Author Topic: 'of Scots' vs 'of Scotland'  (Read 3714 times)

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Offline Prince_Lieven

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'of Scots' vs 'of Scotland'
« on: November 04, 2005, 09:02:38 AM »
Here's a tricky question, at least for me  ;)

Mary Stuart is generally called 'Mary, Queen of Scots'. Was her official title 'Queen of Scots' or 'Queen of Scotland'? Also, was her father James V 'King of Scots' or 'King of Scotland'? The same goes for Darnley, and Francis I of France.

Also, prior to the Act of Union 1707, was Queen Anne styled 'Queen of England and Scotland' or 'Queen of England and Queen of Scots'?

Thanks!  :)
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Offline bell_the_cat

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Re: 'of Scots' vs 'of Scotland'
« Reply #1 on: November 04, 2005, 09:31:46 AM »
First of all, the correct title in Scotland is "King" or "Queen of Scots". However outside Scotland they were often referred to as "King" or "Queen of Scotland". So Francis was "Francois, roi d Écosse". Darnley would have been "King of Scots" in Scotland.

After 1603 they preferred to be called "King" or "Queen of Great Britain and Ireland", as if the crowns were united, which of course they weren't till 1707. "Great Britain" was the invention of James VI/I.

I think this is right!
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Offline Prince_Lieven

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Re: 'of Scots' vs 'of Scotland'
« Reply #2 on: November 04, 2005, 09:33:33 AM »
Thank you, Bell. On the topic, why in Scotland was it 'of Scots' rather than a territorial designation like 'of Scotland'? This is like Napoleon's 'Emperor of the French'.
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Offline bell_the_cat

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Re: 'of Scots' vs 'of Scotland'
« Reply #3 on: November 04, 2005, 09:34:31 AM »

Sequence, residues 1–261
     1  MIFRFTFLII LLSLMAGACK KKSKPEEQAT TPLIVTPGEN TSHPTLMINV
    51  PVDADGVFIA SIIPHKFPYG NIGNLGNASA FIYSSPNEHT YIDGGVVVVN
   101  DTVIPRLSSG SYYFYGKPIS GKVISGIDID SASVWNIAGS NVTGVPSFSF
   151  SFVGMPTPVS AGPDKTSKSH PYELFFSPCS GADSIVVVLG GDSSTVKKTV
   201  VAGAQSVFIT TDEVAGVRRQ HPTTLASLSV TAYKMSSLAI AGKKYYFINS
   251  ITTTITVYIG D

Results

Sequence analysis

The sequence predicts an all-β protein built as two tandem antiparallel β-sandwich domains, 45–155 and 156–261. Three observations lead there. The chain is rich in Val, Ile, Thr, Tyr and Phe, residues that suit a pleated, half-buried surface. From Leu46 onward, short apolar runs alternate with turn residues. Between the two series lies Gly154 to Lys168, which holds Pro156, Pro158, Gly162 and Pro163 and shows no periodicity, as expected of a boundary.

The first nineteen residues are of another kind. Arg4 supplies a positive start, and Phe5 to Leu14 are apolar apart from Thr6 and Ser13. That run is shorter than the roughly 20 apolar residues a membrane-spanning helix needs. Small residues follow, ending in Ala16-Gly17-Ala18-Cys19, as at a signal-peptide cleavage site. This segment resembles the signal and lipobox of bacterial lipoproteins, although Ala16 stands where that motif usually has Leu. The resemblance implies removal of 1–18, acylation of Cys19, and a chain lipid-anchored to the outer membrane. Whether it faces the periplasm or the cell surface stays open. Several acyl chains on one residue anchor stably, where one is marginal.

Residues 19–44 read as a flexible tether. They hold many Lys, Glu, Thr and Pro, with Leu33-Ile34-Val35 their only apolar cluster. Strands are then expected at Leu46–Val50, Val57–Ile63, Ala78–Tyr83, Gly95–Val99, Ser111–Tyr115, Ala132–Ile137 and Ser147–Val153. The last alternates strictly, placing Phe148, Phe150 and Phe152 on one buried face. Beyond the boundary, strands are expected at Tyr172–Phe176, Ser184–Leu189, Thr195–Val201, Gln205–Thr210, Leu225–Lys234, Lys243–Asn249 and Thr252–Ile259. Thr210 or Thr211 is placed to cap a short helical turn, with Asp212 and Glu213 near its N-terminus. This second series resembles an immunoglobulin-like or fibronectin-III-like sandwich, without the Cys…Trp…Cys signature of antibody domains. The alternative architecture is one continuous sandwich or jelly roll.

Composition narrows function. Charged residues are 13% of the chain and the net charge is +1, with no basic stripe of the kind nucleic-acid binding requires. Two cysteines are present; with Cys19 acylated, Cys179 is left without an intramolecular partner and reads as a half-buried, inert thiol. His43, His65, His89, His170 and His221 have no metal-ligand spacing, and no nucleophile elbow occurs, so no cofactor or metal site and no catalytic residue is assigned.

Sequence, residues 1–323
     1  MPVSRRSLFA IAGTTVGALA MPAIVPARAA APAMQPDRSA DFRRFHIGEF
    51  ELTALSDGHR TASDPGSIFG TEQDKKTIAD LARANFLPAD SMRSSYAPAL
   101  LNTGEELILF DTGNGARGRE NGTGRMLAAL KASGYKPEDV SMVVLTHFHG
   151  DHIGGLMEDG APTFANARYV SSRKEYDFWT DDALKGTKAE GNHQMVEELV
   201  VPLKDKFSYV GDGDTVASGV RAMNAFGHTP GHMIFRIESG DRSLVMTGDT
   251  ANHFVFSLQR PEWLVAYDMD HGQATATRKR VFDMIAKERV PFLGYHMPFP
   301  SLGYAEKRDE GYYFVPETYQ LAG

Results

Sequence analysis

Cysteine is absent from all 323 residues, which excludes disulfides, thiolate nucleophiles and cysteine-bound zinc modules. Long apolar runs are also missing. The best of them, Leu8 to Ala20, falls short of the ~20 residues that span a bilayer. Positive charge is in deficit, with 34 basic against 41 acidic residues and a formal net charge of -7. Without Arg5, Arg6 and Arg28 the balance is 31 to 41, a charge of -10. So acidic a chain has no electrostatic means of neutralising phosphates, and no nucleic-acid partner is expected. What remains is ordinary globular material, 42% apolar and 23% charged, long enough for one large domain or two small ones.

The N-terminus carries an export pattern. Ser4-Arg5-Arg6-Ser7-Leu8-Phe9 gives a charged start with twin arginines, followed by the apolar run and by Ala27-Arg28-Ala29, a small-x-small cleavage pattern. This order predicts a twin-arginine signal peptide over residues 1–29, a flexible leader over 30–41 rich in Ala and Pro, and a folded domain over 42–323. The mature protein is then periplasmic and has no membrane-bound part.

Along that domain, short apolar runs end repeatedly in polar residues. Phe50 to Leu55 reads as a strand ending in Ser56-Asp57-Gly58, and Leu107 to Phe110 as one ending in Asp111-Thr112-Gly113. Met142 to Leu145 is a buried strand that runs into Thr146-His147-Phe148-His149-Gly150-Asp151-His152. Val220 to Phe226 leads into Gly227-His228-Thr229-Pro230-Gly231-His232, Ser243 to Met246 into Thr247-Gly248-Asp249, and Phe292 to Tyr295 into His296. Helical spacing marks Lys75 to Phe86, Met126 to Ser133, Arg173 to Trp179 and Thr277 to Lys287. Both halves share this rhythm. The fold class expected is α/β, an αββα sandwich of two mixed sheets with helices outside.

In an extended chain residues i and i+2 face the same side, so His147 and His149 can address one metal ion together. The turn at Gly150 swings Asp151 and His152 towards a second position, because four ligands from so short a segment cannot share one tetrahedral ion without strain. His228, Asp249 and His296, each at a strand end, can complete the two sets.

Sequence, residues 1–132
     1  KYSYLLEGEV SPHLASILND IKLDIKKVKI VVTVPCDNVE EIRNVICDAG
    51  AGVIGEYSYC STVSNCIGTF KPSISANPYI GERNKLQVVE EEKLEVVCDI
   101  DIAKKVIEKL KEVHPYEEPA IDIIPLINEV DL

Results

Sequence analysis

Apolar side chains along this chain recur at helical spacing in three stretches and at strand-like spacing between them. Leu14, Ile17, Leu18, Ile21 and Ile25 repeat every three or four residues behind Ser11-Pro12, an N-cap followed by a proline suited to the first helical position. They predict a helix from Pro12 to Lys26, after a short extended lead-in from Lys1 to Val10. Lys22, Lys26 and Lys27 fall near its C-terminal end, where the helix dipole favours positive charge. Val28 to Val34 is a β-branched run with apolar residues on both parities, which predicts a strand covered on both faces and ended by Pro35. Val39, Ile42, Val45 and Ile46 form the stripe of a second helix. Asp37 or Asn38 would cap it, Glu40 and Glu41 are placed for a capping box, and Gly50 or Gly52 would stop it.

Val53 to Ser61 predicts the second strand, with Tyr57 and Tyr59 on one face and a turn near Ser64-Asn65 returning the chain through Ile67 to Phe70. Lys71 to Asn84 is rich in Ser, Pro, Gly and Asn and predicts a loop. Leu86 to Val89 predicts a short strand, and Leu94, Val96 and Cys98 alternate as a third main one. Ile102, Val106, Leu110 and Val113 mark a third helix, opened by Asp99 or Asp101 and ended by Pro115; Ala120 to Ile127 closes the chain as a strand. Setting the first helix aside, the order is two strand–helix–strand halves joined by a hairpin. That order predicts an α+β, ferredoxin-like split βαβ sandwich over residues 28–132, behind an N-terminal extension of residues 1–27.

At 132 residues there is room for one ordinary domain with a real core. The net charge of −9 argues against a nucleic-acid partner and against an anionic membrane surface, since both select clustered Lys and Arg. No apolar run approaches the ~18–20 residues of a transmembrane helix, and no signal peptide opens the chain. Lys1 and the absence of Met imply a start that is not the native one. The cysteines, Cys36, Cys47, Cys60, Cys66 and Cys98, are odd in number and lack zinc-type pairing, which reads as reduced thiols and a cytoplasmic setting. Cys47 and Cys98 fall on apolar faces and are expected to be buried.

Here's a contemporary poem by George Buchanan:

To Henry Darnley, King of Scots

  "The marigold nowhere turns from the sun.
  Opening at dawn, it closes in the dusk.
  We too depend on you, our sun. To all
  Your turns of fortune we are left exposed."

Translated from the Latin poem of George Buchanan (1506-1582)
Never put off until tomorrow what you can put off until the day after tomorrow. (Mark Twain)

Offline bell_the_cat

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Re: 'of Scots' vs 'of Scotland'
« Reply #4 on: November 04, 2005, 09:49:15 AM »
Quote
Thank you, Bell. On the topic, why in Scotland was it 'of Scots' rather than a territorial designation like 'of Scotland'? This is like Napoleon's 'Emperor of the French'.


It seems that in early mediaeval times the English kings were also Rex Anglorum rather than Rex Angliae (and the French kings were Rex Francorum). The changeover may have to do with the rise of the nation state, where the country belonged to the king rather than the king belonging to the country. So Scotland was lagging behind in this development.

This surely was the idea behind "Emperor of the French" and Louis Philippe's "King of the French": that the monarch could no longer do exactly as he pleased, and had an obligation to serve the people.


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Offline ilyala

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Re: 'of Scots' vs 'of Scotland'
« Reply #5 on: November 04, 2005, 04:34:34 PM »